AICPA asks IRS to delay partnership audit regime
The American Institute of CPAs has written a letter to the Internal Revenue Service and the Treasury Department asking them to postpone the effective date of the centralized partnership audit regime for one year until the end of 2018.
Congress signed into law a budget deal in November 2015 that included a provision making it easier for the IRS to audit large partnerships, such as hedge funds, private equity firms and accounting firms, allowing the IRS to audit the partnership itself instead of being forced to audit each individual partner (see Budget deal makes it easier for IRS to audit large partnerships). The new rules have been a continuing cause of concern for many accounting firms and partnership clients. The AICPA has previously written to the IRS and the Treasury asking for more guidance and a delay on comments, and for Congress to extend the deadline (see AICPA wants IRS guidance on new partnership audit rules, AICPA asks Congress for changes on partnership audits, and AICPA urges IRS to extend comment deadline on new partnership audit regime).
In a letter Tuesday, the AICPA outlined a number of concerns that would warrant a delay in the effective date for the new audit regime, including the fact that the necessary regulations haven’t been issued yet by the IRS. The IRS and the Treasury Department issued a set of proposed regulations in January, but later withdrew them after the incoming Trump administration imposed a temporary freeze on new regulations. However, the AICPA argues that even if CPAs were to follow the withdrawn regulations, they contained some significant gaps, such as on how to apply adjustments to partners’ outside basis and capital accounts, along with the partnership’s basis and book values. The Treasury Department reissued the proposed regulations Tuesday.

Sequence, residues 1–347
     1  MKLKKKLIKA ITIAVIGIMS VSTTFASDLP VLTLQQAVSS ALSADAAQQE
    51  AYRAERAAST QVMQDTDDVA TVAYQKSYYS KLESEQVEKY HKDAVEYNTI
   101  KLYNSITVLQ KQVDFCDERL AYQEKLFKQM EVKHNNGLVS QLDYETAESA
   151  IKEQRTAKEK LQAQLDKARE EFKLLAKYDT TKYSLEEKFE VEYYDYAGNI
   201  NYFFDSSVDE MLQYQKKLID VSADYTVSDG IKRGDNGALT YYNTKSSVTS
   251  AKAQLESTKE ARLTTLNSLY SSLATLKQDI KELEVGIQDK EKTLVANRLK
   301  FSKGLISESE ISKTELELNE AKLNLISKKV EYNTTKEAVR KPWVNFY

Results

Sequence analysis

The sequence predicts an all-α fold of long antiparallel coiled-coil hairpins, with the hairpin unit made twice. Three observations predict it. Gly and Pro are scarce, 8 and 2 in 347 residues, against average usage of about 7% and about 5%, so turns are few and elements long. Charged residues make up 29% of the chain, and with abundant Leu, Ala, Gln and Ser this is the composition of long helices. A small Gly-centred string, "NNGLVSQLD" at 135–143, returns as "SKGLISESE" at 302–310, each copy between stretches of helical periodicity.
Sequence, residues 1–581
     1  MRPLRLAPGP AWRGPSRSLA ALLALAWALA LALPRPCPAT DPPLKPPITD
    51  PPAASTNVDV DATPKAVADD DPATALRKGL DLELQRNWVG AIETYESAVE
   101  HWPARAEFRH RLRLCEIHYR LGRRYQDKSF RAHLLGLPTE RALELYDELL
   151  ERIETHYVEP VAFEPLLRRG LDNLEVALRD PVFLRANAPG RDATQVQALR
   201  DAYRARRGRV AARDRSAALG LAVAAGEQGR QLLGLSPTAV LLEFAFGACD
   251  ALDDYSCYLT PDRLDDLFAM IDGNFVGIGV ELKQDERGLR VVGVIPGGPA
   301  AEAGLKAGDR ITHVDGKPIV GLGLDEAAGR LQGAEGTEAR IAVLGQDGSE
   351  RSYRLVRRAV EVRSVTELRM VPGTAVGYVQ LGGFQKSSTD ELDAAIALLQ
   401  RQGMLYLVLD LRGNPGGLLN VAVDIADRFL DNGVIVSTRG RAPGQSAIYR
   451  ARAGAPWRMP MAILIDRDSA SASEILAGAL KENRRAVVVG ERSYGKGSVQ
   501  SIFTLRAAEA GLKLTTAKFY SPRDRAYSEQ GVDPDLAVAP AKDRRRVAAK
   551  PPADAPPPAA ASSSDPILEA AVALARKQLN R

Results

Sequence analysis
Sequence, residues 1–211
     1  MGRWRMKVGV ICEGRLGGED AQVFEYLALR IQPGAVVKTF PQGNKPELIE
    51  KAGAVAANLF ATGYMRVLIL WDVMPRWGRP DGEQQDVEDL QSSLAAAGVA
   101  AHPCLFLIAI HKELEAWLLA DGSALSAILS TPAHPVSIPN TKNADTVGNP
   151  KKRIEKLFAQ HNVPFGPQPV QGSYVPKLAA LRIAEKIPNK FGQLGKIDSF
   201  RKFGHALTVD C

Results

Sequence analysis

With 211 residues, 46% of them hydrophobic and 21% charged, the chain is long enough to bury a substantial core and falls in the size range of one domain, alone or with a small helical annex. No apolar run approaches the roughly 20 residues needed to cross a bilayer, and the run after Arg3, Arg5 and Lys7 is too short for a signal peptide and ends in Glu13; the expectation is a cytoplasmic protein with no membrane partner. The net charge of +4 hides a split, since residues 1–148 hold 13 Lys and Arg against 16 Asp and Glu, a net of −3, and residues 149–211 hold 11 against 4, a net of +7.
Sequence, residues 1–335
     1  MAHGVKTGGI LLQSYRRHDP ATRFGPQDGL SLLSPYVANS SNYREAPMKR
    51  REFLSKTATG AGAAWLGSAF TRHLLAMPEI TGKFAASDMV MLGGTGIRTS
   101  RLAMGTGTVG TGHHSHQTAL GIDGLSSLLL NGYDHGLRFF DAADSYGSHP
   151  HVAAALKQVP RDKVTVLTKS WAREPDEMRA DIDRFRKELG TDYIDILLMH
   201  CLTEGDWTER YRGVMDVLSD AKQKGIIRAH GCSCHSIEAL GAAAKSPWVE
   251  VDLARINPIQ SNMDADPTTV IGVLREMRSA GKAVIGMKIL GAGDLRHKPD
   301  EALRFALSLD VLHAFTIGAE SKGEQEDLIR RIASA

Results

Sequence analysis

Congress introduced a proposed technical corrections bill in December, the Tax Technical Corrections Act of 2016, that would clarify and modify some elements of the new partnership audit regime, the AICPA pointed out. In addition, the AICPA noted that the impact on some financial reporting standards remains unclear, such as the accounting standards for contingencies and income taxes.
“There remains a significant lack of clarity and substantive disagreements among tax and accounting professionals on the question of whether payments made to the IRS as a result of examinations under the new Regime represent obligations of a partnership or merely payments by a partnership on behalf of its partners,” wrote AICPA Tax Executive Committee chair Annette Nellen in the letter. “Given the multitude of elections available to a partnership following an assessment under the new Regime, different and even multiple answers to that question are possible for each examination.”
The AICPA also pointed out that partnerships would need to amend or draft their existing partnership agreements for the new regime. The impact on state tax law also remains uncertain, the AICPA noted.
“This new Regime represents a significant departure from previous law,” Nellen wrote. “It will require a substantial effort on the part of Treasury, the IRS, the tax practitioner community and the affected taxpayers (which includes virtually every partnership and their partners) to develop and comply with new rules, regulations and procedures to establish a fair, equitable and administrable Regime.”
She observed that the process of developing the necessary framework for operating the regime is still in its early stages. “The AICPA believes that it is unlikely that all the procedures and guidance necessary for taxpayers to make informed decisions regarding its provisions will be established before the current effective date at the end of this year,” Nellen wrote.